From around 1800, the pre-industrial lathes and boring mills became real machine tools with a tool that was guided by the machine and no longer by humans, as well as with drives that were based on steam power and no longer on muscle power or wind and water mills. The lathes for the production of cylindrical objects such as axes , shafts , bolts , spindles or screws were of particular importance for industrialization . The tool holder was an essential component : the worker only had to move the tool using cranks, which was significantly less strenuous, enabled much more precise workpieces and also required less experience. The last point in particular was decisive, because good skilled workers were so rare in England that emigration was banned. The export of machine tools was also prohibited, but both the machines and the skilled workers found their way to the continent and thus helped to spread the new technology. Corresponding machines have been developed for most of the known machining processes. In addition to lathes, the most important were drilling machines , planing machines for the production of flat surfaces, guides for machines and profiles, and forging hammers that were driven by steam power and were mainly used in heavy industry. The milling machine , on the other hand, enabled a completely new process with milling that was suitable for tasks similar to planing.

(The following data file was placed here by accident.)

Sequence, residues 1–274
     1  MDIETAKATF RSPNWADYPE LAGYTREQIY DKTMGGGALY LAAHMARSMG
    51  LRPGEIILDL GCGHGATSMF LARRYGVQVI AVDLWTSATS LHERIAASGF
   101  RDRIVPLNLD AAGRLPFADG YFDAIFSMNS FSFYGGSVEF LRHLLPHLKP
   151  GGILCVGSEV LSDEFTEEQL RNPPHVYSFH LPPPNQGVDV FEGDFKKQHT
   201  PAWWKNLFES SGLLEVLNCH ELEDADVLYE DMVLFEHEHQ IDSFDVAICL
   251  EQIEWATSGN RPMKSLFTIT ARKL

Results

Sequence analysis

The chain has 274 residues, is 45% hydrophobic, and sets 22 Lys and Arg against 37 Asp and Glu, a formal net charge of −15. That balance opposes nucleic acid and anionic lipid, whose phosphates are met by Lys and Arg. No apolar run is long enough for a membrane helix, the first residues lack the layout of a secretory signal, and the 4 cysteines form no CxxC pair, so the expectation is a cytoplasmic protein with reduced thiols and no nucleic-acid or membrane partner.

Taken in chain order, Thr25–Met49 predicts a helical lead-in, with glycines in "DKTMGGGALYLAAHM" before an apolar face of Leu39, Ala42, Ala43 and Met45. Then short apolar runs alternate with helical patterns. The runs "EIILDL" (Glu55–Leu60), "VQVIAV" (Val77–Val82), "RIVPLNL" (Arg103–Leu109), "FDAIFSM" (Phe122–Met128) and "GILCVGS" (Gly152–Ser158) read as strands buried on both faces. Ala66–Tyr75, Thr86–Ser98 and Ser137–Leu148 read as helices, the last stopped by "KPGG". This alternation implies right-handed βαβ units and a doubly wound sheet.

Henry Maudslay , an English engineer and manufacturer, is of particular importance to machine tools . His influence on machine tools corresponds roughly to that of Watt on steam engines. Nothing on his machines was new; the individual design details such as the machine drive, tool holder or the lead screw were known from other areas. His achievement is based on the fact that he combined the individual details from precision mechanics, the woodworking industry and others in one machine. In addition, almost all of the next generation of engineers in this field had completed an apprenticeship at Maudslay, so that he is also considered the founding father of the machine tool industry. His first machine was a special lathe for the production of screws, which could now be made so evenly that they could be interchanged with one another.